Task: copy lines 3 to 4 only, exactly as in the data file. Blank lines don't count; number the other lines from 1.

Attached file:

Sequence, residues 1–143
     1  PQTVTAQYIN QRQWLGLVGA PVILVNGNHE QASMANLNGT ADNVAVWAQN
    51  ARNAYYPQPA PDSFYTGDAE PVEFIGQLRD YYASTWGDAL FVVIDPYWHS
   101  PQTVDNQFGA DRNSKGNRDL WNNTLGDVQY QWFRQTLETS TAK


    51  ARNAYYPQPA PDSFYTGDAE PVEFIGQLRD YYASTWGDAL FVVIDPYWHS
   101  PQTVDNQFGA DRNSKGNRDL WNNTLGDVQY QWFRQTLETS TAK